Record 1900 New Aussies At WA Ceremony

Record 1,900 new Aussies at WA ceremony

Warwick Stanley
The Sydney Morning Herald
January 26, 2009

No-one has done better than Australia at settling migrants, Immigration and Citizenship Minister Chris Evans has told the nation's largest Australia Day citizenship ceremony.

The West Australian senator, addressing almost 1,900 new citizens under a baking sun at Edith Cowan University in Perth's north, said they had joined “four million others who have done it before you”.

The crowd donned hats bearing the union jack and southern cross ensign for the occasion and waved flags to the singing of the Advance Australia Fair after their mass swearing-in.

Senator Evans said the ceremony was the largest citizenship swearing-in held in Australia on Monday and the second-largest in the nation's history.

Among the 1,881 people who became citizens, 388 were born in the United Kingdom, 253 were from South African and 122 were from India.

The next largest representations in order were from Zimbabwe, New Zealand, China, Singapore, Kenya and Afghanistan.

Senator Evans said Australia's two great stories were its indigenous people and the story of migration.

“It was 60 years ago that we actually passed the amendments to the Citizenship Act which said we were no longer a British colony and were about building Australian citizenship,” Senator Evans said.

“We are a great success story.

“You go anywhere in the world and they say no-one has done it better than Australia at settling and promoting the success of its migrants.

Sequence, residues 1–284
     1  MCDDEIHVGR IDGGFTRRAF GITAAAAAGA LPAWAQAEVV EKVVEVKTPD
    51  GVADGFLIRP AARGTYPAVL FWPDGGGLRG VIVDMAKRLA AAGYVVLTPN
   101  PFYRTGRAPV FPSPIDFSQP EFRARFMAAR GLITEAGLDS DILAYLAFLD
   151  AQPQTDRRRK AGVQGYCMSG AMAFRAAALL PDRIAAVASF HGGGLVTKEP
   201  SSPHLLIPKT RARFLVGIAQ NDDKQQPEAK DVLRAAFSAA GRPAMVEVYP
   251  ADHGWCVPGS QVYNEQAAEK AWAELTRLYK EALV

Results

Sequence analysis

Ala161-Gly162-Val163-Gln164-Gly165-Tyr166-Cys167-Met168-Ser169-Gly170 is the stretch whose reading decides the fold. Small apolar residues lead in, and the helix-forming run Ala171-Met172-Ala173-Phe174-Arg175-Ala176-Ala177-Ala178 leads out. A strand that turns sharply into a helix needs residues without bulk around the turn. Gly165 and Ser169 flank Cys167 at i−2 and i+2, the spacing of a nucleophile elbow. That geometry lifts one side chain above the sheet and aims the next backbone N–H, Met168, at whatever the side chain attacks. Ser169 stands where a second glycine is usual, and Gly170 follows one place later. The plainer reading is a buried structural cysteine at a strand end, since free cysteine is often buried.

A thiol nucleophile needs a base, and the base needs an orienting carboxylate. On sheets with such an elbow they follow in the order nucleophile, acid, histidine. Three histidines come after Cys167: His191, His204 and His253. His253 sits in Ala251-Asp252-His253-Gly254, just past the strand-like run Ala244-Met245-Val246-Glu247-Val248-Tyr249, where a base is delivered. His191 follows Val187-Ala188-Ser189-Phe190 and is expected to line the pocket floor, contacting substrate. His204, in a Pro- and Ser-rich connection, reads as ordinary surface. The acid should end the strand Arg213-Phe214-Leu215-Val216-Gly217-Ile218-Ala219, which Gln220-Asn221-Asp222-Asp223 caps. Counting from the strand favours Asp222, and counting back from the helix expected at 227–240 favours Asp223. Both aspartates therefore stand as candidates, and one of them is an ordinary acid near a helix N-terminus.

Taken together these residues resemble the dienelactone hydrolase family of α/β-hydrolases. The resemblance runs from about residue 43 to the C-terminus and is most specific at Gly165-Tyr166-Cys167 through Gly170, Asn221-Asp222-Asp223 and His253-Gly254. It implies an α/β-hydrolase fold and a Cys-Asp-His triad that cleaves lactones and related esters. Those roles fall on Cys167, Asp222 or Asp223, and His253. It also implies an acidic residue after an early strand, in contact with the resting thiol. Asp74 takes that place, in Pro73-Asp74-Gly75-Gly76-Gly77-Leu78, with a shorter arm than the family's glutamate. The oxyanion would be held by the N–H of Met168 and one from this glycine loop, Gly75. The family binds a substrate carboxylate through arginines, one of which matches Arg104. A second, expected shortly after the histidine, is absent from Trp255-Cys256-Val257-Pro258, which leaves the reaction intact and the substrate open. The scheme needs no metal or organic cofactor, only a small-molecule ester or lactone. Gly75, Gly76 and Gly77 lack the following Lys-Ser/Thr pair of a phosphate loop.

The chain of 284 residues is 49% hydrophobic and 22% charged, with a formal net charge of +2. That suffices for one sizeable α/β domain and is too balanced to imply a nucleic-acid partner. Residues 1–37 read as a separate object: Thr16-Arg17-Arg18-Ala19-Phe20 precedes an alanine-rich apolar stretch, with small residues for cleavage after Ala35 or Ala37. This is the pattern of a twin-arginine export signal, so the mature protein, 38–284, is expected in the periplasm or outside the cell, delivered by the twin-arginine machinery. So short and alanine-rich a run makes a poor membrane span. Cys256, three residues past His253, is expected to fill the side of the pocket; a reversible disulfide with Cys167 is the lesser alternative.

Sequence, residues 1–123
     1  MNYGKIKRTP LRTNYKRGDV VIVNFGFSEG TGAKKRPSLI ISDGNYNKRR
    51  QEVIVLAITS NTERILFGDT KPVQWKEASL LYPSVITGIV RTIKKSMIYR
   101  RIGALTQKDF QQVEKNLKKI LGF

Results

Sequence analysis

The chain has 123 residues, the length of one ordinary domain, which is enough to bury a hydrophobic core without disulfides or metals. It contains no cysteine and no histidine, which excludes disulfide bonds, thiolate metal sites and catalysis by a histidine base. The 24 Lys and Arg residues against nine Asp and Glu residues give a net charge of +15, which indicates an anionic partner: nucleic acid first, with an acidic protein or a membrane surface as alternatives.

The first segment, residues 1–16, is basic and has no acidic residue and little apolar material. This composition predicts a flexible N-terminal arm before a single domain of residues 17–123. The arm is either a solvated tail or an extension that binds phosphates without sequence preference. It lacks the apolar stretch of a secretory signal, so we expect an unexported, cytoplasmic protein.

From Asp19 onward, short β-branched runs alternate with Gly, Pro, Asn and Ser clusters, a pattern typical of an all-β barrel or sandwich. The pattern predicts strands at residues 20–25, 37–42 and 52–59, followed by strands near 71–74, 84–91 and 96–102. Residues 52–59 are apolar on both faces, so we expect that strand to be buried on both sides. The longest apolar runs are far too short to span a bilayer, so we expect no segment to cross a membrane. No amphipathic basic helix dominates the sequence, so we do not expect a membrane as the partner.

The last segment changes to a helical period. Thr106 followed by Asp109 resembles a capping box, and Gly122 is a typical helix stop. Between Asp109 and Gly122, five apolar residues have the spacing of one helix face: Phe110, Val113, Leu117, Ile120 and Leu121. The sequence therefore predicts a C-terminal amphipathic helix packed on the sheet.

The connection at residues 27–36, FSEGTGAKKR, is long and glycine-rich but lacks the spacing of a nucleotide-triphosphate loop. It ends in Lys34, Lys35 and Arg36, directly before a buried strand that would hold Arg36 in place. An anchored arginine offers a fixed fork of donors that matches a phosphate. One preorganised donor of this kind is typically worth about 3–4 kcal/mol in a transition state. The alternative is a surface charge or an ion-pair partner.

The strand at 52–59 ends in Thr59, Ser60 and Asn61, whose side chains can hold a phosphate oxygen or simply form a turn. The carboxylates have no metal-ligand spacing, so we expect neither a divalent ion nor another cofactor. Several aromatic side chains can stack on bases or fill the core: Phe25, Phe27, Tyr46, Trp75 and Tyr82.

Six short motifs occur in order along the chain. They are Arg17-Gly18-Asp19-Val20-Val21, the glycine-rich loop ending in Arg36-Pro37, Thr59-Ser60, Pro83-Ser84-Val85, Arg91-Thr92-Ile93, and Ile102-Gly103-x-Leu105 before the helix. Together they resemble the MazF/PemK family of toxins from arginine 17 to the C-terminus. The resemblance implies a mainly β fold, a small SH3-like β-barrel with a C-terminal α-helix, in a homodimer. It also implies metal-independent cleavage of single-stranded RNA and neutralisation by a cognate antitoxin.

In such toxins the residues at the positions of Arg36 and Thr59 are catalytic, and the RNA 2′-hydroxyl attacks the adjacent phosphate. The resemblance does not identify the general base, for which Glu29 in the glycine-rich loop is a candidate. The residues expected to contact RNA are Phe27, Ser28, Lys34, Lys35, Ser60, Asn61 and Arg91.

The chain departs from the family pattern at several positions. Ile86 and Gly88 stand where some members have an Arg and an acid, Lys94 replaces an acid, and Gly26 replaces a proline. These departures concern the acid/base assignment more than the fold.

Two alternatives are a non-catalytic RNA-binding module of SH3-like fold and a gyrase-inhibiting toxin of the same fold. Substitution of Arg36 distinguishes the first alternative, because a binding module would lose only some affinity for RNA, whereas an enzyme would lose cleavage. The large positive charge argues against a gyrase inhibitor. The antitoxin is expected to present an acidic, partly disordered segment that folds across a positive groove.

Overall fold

“It's a great day to think about what Australia means to you and what we can do to make Australia the great place it is.

“It's a time to reflect on our diversity – more than 90 countries are represented today.

“We have refugees and business migrants building Australia … and tasting its success.”

Senator Evans drew laughs when he reminded South African migrants that they'd have to switch sides when they sat down to watch the Australia Day cricket match between South Africa and Australia in Adelaide.

“When reading the fine print on the citizenship slips you will see that you are now required to support Australia in the cricket,” he said.

“If you don't, I know where you live.”

West Australian Premier Colin Barnett said Australia Day was a day for all Australians to appreciate their right to vote and participate in a democratic system of government.

“For those newcoming Australian citizens it will be even a little bit more special,” he said.

“However you spend this day, and particularly for young people, perhaps the reflections on history aren't so relevant.

“Perhaps it's more about what you do on the day … to be proud to be Australian … to have an Australian flag attached to your car, to wave the flag, to have an Australian hat, to go to the fireworks, to watch the cricket on TV and barrack for Australia .. to be thankful to be Australian and celebrate our great nation.”